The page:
While those implementations proved fruitful, Tawfeeq credits the change in the approach to teaching as having the greatest impact. “Teaching is an art of diplomacy in my opinion. It takes the ability to communicate clearly and effectively with students in multiple ways, and shifting your engagement in terms of your discourse with your students.” The goal is to make professors more approachable and engaging. To that end, Tawfeeq starts each semester reading a poem to his students. “The poem lets them see that I’m just like them. And, that’s important because students often see mathematicians as being infallible and separate from them. So, by reciting this poem, that’s filled with vernacular they use, students and I connect. They want to be able to come to you and say ‘Hey, professor, I don’t get it,’ and with that connection, they’re more likely to do so.”

“When students see us as normal, regular people, they feel more comfortable and that leads to greater engagement in the coursework.” —*Alvin Estrada*

Alvin Estrada, Lecturer of Mathematics and Assistant Deputy Director of the MFQR Program, knows Tawfeeq’s approach of “realness” works because Tawfeeq was his advisor during his graduate studies. “I remember thinking, ‘Wow, this guy is so real. He’s straightforward and able to relate math to the real world,’ and that’s rare,” says Estrada, who has taken a similar approach in the classroom. “When students see us as normal, regular people, they feel more comfortable and that leads to greater engagement in the coursework. I had a student come up to me after class one day and say, ‘I never had an instructor teach with so much enthusiasm,’ and that’s a compliment because it shows the student is paying attention, and my delivery of the content is playing a big role in that.”

**Changing Mindsets**

The final piece to reimagining math at John Jay, Tawfeeq says, was to change the students’ mindsets. “We’ve all stressed to our students, ‘Your grade doesn’t tell you who you are, it just tells you where you are on a learning continuum.’ So if a student comes in and they got Ds, and they think that grade is reflective of who they are, then that’s a mindset we have to change,” says Tawfeeq. “The question we ask ourselves is ‘Can we make the proper adjustments to help you move up to a C, a B, or even an A?’” Moving students up the grade ladder is dependent on more than getting an answer right, it’s also about their ability to follow the steps and master the essential benchmarks.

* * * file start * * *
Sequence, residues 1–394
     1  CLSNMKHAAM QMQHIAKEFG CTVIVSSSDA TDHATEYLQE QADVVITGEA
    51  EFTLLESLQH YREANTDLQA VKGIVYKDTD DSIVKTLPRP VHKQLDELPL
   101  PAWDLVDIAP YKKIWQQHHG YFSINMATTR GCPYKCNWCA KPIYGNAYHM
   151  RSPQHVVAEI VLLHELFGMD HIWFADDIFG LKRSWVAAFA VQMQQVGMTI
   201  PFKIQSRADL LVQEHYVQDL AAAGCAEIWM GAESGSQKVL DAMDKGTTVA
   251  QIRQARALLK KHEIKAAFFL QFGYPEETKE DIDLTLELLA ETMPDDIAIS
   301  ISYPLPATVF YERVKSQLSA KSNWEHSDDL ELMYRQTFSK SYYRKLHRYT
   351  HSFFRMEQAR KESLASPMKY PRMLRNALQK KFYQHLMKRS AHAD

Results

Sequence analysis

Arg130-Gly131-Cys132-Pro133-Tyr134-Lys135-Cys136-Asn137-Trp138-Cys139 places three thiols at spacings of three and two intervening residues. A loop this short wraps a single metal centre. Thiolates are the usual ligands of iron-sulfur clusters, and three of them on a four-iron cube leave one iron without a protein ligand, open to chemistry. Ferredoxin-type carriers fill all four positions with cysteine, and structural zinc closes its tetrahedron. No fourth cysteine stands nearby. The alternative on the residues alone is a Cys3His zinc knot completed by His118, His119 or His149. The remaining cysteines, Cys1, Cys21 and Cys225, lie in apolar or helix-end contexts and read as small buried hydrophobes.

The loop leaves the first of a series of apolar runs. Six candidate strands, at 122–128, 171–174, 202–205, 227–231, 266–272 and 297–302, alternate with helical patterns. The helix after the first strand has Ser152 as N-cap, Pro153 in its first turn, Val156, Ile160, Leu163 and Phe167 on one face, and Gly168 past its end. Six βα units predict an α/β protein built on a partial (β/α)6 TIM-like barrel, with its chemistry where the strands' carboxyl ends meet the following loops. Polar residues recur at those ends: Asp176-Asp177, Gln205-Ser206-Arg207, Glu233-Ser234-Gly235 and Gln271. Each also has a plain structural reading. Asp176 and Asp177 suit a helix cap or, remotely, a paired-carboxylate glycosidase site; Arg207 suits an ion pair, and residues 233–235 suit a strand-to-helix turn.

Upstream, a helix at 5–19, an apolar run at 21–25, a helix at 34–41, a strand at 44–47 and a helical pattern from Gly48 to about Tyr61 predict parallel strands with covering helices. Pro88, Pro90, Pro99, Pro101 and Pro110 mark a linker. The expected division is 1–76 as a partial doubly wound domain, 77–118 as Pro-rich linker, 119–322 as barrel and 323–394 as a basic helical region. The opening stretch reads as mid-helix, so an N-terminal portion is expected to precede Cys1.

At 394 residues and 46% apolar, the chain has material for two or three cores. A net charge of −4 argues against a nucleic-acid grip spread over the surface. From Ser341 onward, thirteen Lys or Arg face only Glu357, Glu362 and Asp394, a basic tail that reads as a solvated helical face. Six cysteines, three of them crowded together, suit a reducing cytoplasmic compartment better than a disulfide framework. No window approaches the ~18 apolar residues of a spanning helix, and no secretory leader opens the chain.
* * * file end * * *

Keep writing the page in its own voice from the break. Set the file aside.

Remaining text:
“Students can use the skills they’re learning in math class outside in the real world, because what we’re really teaching them is how to approach and manage problems.” —*Eric Polanco*

“Often times we miss what math is really about. Of course, it’s about the numbers, the symbols, and the answers, but it’s also about the process by which one navigates through a bunch of information, in order to come up with a reasonable explanation of what’s going on,” says Tawfeeq. When students demonstrate their work, if the answer is wrong but the steps they took are right, it indicates they understand the concept. And that’s incredibly important according to Eric Polanco, Lecturer of Mathematics. “We are teaching students not only to be problem solvers but also to think critically,” says Polanco. “Students can use the skills they’re learning in math class outside in the real world, because what we’re really teaching them is how to approach and manage problems.”

“It’s what we do in between the lessons to help support our students that have the greatest impact.” —Dante Tawfeeq

**Making a Difference**

Implementing strategies is important, but “good Mathematicians know, it’s what we do in between the lessons to help support our students that have the greatest impact,” says Tawfeeq, noting he still receives emails from former students who credit him for changing their outlook on Math and education as a whole. “I can only hope that every student that I have the privilege to teach, academically support, or provide a word of encouragement to, not only learns how to efficiently maneuver through some mathematical tasks, but also how to practice self-resiliency and self-assurance when they engage life’s problems,” says Tawfeeq. “Because those problems can be more complex to resolve than any problem I assign in a College Algebra course.”